Yes, that's where rust is likely to form, ... Just like on your other two doors. Replacing just the outer sheet metal is the normal way of repairing that kind of damage and it's not realistic to expect your insurance company to pay for anything different. Don't try to bully the insurance company into doing more than is required based on the word of a "car buff". I'm a car buff too, and I know how insurance companies work and why they often get an undeserved bad rap. If the repairs are done properly, the seams won't rust any sooner than if the entire doors were replaced.
By leaving the main, undamaged part of the doors on the car, the mechanic will have a much easier time making the new panels line up and fit correctly with the right gaps and adjustments. Replacement full doors may never be able to be made to fit perfectly no matter how much time is spent adjusting and tweaking them. Even in the unlikely event you convince the insurance company to pay for complete doors, the additional paint, the labor times to install and adjust them and transfer all the glass and hardware, you will pay for it in the end with higher premiums. Your premiums are based on the risk they're taking and your insurance history. Both of those justify charging you more in the future. They're offering the proper repair. Take it and be grateful.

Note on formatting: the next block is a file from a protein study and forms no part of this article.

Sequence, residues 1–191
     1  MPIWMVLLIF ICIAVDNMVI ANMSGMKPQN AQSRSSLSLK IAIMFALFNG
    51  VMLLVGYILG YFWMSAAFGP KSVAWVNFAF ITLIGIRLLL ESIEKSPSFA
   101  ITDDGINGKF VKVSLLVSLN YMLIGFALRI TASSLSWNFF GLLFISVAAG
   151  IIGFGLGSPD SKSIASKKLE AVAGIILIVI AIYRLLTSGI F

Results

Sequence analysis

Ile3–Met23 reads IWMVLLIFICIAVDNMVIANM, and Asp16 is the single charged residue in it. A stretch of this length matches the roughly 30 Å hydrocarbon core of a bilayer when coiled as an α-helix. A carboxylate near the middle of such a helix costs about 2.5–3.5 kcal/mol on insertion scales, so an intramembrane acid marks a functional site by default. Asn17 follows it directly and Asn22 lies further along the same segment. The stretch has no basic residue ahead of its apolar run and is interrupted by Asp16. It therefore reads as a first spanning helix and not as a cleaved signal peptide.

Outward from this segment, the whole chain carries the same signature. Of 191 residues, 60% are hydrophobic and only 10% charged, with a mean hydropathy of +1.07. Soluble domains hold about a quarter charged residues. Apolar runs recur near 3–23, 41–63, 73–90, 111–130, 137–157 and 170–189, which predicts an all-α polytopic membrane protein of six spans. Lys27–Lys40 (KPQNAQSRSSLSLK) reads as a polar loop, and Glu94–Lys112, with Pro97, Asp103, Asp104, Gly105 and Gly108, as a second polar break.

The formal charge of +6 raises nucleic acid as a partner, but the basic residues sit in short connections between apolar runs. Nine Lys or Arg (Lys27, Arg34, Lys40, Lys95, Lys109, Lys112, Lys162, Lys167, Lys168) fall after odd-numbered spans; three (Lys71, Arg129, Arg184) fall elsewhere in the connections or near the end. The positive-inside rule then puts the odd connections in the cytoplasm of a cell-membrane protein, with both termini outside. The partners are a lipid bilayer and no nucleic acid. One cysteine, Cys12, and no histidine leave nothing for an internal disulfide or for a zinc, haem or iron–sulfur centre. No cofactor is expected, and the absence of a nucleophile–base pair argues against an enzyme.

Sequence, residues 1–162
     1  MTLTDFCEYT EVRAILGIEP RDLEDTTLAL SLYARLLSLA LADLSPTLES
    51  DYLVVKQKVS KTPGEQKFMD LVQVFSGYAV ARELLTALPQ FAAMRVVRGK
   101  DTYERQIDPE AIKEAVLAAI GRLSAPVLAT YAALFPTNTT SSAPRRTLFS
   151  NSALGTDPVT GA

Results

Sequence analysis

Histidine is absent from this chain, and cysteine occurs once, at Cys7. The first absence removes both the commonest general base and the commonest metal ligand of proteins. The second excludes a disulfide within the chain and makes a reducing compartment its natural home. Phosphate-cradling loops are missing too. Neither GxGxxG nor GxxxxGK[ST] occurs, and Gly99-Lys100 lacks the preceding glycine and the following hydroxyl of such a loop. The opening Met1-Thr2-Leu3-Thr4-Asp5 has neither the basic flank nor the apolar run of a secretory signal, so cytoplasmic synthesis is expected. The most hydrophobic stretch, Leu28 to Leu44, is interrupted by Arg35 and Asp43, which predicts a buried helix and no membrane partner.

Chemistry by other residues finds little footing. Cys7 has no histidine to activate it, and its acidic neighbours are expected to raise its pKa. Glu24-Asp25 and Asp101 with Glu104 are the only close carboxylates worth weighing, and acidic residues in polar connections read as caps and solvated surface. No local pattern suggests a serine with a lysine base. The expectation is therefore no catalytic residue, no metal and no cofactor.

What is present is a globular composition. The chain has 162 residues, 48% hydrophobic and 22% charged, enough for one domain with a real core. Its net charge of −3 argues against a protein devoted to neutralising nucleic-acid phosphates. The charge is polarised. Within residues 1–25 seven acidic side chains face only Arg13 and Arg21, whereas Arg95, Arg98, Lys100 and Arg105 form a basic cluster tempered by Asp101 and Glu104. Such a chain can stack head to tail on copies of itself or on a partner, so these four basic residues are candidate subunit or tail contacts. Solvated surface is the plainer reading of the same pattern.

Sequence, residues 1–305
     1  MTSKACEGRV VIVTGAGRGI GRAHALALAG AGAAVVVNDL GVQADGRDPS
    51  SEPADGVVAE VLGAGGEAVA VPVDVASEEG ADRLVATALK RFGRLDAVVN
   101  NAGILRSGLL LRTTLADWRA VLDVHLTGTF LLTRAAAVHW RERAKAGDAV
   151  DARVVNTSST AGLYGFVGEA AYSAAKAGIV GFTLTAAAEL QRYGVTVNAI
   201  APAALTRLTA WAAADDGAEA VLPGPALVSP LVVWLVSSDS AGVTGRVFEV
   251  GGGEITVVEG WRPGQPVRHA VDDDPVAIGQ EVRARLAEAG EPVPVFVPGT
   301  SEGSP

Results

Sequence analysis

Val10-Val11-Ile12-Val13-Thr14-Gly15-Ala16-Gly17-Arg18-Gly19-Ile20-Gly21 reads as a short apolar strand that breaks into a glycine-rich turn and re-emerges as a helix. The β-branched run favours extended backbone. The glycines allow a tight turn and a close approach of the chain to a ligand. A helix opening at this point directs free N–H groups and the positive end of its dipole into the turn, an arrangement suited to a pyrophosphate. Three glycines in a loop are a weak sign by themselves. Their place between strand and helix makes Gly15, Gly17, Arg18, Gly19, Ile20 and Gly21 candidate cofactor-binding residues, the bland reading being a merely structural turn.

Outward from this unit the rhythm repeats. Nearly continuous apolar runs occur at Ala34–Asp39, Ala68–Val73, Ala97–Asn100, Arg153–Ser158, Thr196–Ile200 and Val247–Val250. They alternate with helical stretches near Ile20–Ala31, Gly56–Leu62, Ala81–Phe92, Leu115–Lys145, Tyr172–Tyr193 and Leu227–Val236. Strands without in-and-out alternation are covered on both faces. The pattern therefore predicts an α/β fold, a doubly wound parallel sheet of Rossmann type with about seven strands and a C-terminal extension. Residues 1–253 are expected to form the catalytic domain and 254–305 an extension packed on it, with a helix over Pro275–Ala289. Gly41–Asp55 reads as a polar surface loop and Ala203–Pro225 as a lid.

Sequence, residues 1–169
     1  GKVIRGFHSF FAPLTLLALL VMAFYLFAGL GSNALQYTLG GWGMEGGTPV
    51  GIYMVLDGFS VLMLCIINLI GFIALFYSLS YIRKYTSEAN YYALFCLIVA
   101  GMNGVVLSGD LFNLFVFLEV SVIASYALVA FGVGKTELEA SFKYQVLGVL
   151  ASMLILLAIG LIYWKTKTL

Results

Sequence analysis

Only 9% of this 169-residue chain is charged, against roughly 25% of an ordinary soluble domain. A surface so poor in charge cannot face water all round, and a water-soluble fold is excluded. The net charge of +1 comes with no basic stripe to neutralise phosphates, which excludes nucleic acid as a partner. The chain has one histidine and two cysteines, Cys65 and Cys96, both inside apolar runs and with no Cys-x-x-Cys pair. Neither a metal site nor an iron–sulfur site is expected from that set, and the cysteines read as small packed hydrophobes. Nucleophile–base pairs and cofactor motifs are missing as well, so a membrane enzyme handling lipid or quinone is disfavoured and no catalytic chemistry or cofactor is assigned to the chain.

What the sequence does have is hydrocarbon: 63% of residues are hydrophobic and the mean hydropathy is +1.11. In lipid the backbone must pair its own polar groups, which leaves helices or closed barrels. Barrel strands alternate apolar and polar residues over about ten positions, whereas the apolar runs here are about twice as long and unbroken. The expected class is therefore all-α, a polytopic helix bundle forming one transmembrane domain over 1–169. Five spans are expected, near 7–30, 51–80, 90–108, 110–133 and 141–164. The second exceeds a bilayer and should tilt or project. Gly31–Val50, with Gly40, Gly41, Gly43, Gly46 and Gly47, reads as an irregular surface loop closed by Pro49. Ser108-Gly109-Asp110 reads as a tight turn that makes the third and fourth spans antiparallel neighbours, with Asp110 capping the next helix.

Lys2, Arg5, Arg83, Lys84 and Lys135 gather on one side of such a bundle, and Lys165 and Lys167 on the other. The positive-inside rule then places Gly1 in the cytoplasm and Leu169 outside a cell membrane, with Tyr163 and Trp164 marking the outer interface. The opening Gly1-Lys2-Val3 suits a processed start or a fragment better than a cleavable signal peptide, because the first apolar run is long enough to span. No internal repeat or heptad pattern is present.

Thursday, December 13th, 2012 AT 1:51 AM